Ashley Daneman possesses a truly beautiful highly trained voice. Following self-education as a vocalist in the workaday world, she abandoned the desk job route of endless repetitive travail and in 2003 entered the music world, earning praise from USA Today and others. Some people, however, are destined for a path with profound pitfalls, and she found herself suddenly undergoing a harrowing multi-year struggle with a severe case of delayed-onset PTSD. Time passed and, returning to the business world while recovering, she made her way as a 29-year old mother, then once more took leave of office work, winning a Masters program scholarship from the Manhattan School of Music. Divorce next worked its way into the picture, then single motherhood, but Daneman persevered and graduated, more than impressive enough in 2010 to be invited to the Banff Centre's Jazz & Creative Workshop for composers.
Marrying an MSM attendee, trumpeter Benje Daneman, the two decided the time had come and thus initiated a successful Kickstarter campaign to get Beauty Indestructible in gear. For a debut, it's astonishingly accomplished in all aspects. Not only is the melodious and inventive singer a talented writer but a skilled arranger as well, frequently recalling Joni Mitchell, one of her foundation influences. I also catch Van Morrison's Inarticulate Speech period quite a bit. In fact, the CD starts off with a Pee Wee Ellis trumpet riff, and there are a lot of entrancing repeating patterns everywhere. Perhaps the most interesting trait, though, is the fusion of folk and jazz modes interlocking almost indistinguishably, each mode flowing in and out of the other.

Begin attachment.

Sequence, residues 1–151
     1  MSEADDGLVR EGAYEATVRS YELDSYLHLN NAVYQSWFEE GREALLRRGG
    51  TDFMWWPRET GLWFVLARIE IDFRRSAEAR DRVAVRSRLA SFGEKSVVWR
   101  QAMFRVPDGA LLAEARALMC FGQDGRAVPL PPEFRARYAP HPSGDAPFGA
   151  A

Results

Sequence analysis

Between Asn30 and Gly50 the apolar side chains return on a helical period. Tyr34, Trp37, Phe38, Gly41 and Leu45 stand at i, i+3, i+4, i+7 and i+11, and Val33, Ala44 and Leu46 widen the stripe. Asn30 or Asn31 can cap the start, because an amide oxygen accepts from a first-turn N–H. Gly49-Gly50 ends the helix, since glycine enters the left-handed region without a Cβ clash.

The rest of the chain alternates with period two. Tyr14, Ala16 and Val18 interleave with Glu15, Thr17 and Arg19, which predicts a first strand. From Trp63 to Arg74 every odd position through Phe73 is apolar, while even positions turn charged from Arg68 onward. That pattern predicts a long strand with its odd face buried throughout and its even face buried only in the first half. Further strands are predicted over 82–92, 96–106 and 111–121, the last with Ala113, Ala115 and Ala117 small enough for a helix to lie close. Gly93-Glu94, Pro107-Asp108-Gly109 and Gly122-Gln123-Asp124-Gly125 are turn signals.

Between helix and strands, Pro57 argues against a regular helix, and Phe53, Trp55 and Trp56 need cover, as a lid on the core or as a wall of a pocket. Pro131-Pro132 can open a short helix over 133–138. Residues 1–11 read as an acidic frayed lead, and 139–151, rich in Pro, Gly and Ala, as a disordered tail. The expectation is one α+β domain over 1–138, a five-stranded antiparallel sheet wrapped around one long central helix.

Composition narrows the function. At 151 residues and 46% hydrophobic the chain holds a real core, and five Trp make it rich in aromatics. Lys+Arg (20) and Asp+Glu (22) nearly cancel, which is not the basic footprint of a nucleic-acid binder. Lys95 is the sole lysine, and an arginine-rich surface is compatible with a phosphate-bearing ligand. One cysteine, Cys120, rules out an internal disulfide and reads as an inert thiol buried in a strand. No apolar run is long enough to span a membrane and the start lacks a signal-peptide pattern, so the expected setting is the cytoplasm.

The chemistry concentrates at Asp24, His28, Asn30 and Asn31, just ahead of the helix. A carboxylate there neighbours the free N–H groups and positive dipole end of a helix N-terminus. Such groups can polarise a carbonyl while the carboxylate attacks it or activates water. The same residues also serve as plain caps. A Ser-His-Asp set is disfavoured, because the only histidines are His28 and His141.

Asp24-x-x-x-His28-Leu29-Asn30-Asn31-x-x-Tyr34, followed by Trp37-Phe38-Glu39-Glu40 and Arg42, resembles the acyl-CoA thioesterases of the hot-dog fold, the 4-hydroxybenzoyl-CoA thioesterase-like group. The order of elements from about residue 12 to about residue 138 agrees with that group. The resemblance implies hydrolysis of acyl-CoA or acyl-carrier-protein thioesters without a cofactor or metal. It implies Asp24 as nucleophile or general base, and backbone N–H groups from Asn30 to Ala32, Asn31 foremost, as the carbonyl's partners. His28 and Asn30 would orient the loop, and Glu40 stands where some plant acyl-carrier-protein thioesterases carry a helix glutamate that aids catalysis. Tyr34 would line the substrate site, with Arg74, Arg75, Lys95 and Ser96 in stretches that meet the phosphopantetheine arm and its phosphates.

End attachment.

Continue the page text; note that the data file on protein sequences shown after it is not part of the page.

Benje unleashes himself as Here Comes a Body reaches its peak just before the band subsides into a pastoral pensée, Where No One's Ever Lost, Ashley in jazzy larksong mode, capturing afterthoughts and essences, continuing the drop into sonorously soulful balladics, sketches of Roberta Flack and Minnie Riperton rising and falling, Daneman backgrounding as her own choir. The Forest's Virgin Tree finishes the CD in dominantly adult lullabye fashion with dream-state interludes edging incipiently into nightmare territory—until the song ends just like the cessation of an REM deep sleep state. I cited this disc as one of the 2014's Top 30 'cause I heard it in December and didn't want to wait a year before I could laud it. One listen will tell you why.
Edited by: David N. Pyles
Copyright 2015, Peterborough Folk Music Society.
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